Jay
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#12 Leo Anthony Vale

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Posted 06 October 2007 - 02:04 PM

If you wanted the same FOV on your Fries that an 18mm gives you on a Nikon still camera, then yes, you need to find something wider, like the 15mm I mentioned.


Since the width of the still format is 36mm and the width of the S35 frame is 24mm, you'd need a 12mm to match 18mm in still formt.

But think how much worse the K-3 users have it with wide angles.
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#13 Hal Smith

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Posted 08 October 2007 - 02:50 PM

Did anyone ever make an Arri Standard to BNCR adapter? Is it possible? Then one could use the older Cooke and Zeiss glass on a Mitchell.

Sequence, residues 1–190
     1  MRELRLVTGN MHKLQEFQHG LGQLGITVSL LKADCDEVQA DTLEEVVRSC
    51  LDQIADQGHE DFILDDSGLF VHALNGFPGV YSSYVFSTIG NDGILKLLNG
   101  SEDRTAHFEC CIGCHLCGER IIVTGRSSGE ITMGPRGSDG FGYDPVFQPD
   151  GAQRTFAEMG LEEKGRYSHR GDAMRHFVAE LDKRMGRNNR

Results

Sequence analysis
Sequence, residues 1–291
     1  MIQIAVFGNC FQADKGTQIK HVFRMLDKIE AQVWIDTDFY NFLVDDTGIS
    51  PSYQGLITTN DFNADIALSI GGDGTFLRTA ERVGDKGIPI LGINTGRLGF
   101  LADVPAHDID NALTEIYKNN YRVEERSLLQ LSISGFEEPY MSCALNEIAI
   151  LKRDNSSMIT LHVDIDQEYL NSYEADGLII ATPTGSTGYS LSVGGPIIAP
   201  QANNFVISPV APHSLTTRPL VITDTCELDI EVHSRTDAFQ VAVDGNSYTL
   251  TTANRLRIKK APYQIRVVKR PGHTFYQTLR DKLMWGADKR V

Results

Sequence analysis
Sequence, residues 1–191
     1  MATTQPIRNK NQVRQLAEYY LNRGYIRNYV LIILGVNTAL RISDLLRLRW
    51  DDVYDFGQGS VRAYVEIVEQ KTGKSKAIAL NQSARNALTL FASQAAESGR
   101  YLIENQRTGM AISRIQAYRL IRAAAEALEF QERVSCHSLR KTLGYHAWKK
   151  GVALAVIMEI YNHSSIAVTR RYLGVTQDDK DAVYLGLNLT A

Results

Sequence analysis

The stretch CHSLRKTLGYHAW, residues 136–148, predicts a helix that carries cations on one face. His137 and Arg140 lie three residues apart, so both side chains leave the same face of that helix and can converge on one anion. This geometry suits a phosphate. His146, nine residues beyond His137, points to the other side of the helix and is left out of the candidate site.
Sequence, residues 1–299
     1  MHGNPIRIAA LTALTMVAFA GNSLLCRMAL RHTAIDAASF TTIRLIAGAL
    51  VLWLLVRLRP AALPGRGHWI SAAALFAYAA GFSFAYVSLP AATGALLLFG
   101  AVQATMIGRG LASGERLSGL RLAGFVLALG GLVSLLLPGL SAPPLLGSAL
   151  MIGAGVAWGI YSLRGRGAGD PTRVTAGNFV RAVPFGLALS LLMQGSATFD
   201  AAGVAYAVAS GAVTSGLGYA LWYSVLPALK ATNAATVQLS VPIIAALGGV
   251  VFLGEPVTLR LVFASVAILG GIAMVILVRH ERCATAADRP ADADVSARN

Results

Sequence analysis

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#14 Leo Anthony Vale

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Posted 09 October 2007 - 02:49 PM

Did anyone ever make an Arri Standard to BNCR adapter? Is it possible? Then one could use the older Cooke and Zeiss glass on a Mitchell.


Yes. We had some at Sawyer.
The rub is that the Arri mount won't clear the Mitchell mirror.
So they're for use with Arris and Moviecams with BNC mounts.

I suppose they would work on a rackover BNC.
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#15 Hal Smith

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Posted 09 October 2007 - 04:48 PM

Yes. We had some at Sawyer.
The rub is that the Arri mount won't clear the Mitchell mirror.
..........I suppose they would work on a rackover BNC.

Thanks Leo.

I've been tempted to bid on the BNCR on eBay right now. I do have an Angenieux 20-100 in BNCR but if my full set of Arri Std. Cooke SP II/III's can't work on it, I'd better pass. Darn!